In addition to the FlashBlade, which becomes Pure’s new high end offering, the company also introduced the FlashArray//m10, a new entry level extension, to its FlashArray//m family, as well as several new FlashStack converged infrastructure solutions.
Today, Pure Storage is making a series of announcements, which include an important new low-end array, the FlashArray//m10 that on most days would have pride of place among multiple announcements. The big news here though is FlashBlade, an all-flash scale-out system designed to handle petabyte-scale unstructured data, at a cost of less than $1 per usable GB.
“The FlashBlade is really the big news of the day because of its solving problems of unstructured data,” said Jason Nadeau, Director, Product and Vertical Marketing at Pure Storage. “That’s why it’s so important. We have played in the structured world with FlashArray, but FlashBlade lets us enter into the whole world of unstructured data, and scale out for it. The Big Data and fast data of tomorrow need a data platform that can scale to support. They need to be designed for cloud scale, omni-dimensional performance – fast – and they have to be simple. They need to achieve the big and fast they want without complexity and costs.”
FlashBlade does this with what Nadeau terms a true blade-based scale-out architecture.
“The architecture is built on the blade itself,” he said. That architecture is a scale-out object store accessible through both file, object protocols, and can adapt to new future protocols easily. “The 4U chassis can scale up to 1.6 PB of usable storage, and replaces racks and racks of NetApp or EMC Isilon storage. Everything is linear scale. Just add a blade.”
Nadeau said that Pure had to do four separate major technological achievements here.
“First, we had to produce a completely software-defined network fabric, built on a 40 GB network backbone,” he said. “Second, we had to design the elasticity software itself that runs on the blades.” That elasticity allows FlashBlade to increase capacity, IO and metadata performance, bandwidth, and client connectivity linearly as the blades are added to the system.”
“Third, we had to scale out the blade environment itself, and fourth we had to create an integrated NVRAM [Non-volatile random-access memory]–built equivalent of our own SSDs, stripping out the complexity to make it as simple and dense and low-cost as possible. This is all done in our own software running on the blades.”
The result is a system designed to massively scale metadata as well as I/O.
“It’s not just about the I/O,” Nadeau said. “It’s that combination of fast metadata and fast I/O, and that is only possible with a purpose-built array. In addition, while NetApp does this with a federation of two-node clusters, this is an enormous single named space.”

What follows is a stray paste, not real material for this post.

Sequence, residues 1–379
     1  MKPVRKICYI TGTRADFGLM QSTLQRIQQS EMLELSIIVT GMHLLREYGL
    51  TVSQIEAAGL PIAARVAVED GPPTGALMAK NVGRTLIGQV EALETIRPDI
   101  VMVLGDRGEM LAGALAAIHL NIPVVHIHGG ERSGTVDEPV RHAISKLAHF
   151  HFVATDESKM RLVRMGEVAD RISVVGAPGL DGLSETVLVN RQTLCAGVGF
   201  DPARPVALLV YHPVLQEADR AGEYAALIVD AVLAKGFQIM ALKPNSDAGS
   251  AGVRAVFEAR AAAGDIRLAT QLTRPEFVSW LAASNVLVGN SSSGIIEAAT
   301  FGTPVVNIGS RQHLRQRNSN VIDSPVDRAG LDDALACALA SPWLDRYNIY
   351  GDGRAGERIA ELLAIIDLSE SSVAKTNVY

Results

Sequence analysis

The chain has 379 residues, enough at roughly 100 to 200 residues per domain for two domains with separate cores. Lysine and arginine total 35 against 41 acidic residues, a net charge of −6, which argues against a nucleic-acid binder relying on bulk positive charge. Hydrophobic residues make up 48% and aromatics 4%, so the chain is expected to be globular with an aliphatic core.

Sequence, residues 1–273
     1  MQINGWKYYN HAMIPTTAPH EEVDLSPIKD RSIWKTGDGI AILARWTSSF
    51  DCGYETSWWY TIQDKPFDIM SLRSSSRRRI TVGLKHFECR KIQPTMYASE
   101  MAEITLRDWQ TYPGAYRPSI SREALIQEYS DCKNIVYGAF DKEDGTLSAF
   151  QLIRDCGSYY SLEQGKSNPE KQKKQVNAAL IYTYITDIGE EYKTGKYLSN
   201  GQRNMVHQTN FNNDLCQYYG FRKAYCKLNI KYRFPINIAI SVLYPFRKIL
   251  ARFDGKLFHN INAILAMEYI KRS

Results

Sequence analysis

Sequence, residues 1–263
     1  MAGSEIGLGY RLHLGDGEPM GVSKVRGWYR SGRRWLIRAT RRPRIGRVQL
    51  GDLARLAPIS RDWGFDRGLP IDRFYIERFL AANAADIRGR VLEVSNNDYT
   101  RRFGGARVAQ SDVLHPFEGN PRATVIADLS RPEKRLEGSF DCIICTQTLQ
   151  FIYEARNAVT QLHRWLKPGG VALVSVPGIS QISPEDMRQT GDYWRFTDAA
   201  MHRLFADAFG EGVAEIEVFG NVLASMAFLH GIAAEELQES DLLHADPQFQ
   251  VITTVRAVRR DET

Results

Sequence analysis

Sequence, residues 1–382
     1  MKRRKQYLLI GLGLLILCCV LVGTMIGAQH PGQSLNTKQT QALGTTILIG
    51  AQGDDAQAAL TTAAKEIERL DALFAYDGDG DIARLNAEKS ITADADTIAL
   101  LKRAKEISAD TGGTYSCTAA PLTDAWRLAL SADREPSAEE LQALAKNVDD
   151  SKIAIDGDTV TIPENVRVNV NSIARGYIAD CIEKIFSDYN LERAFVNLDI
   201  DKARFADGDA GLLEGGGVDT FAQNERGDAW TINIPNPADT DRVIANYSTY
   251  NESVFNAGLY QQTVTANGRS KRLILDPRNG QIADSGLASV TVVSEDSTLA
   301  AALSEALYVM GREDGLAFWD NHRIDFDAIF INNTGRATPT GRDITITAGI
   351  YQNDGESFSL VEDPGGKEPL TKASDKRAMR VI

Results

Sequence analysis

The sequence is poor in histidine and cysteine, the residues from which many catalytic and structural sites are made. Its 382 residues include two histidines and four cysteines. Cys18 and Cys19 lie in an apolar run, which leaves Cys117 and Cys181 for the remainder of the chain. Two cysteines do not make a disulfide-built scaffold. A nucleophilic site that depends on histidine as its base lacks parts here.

Nadeau also stressed Pure’s position that the use case for FlashBlade isn’t just for the top of the market.
“Our belief is this isn’t limited to just the big guys, but to anyone with big data problems,” he said. “It all comes down to what they are trying to do. The minimum configuration is 90 TB of usable storage. It’s built for everybody. That’s a key differentiator versus our competition. We are democratizing flash, not building limited use cases.”
FlashBlade’s Early Access Program is open today, with directed availability in the second half of the year
While the FlashBlade takes Pure upmarket, the new all-flash //m10 takes it further downmarket in structured data.
“It has a starting price of less than $50,000, which includes a year of support,” Nadeau said. Designed to allow smaller organizations to run everything on flash at an affordable price point and begin their journey to an all-flash cloud. It can also be upgraded through Pure Storage’s Evergreen Storage program to the larger models in the FlashArray//m family, as the business grows. It has up to 30 TB of usable capacity as well as the simplicity and reliability of the rest of the family.
“This won’t replace all of the hybrid disk solutions, out there, but it will replace a lot of them,” Nadeau said. “We will continue to push further down in the market here as well. We see no future for disk as primary storage.”
The FlashArray//m10 will be generally available in May 2016.
Pure also announced several new FlashStack converged infrastructure solutions, starting in the $100,000 price range. These will be available starting in May 2016.
“The FlashStack Mini pairs the //m10 with Cisco UCS servers and either VMware or Microsoft virtualization software,” Nadeau said. “It is a full converged solution, prebuilt and pretested.”
The FlashStack Mini with Microsoft Hyper-V will enable Microsoft application consolidation for an on-premise cloud that is 100 percent virtualized and 100 percent all-flash. FlashStack Mini with VMware Horizon View will offer companies an entry level VDI solution that can support up to 500 virtual desktops, powered by all-flash.
Pure also announced a new all-flash hybrid cloud, in partnership with Microsoft Azure and Equinix. A similar offering with AWS is coming soon.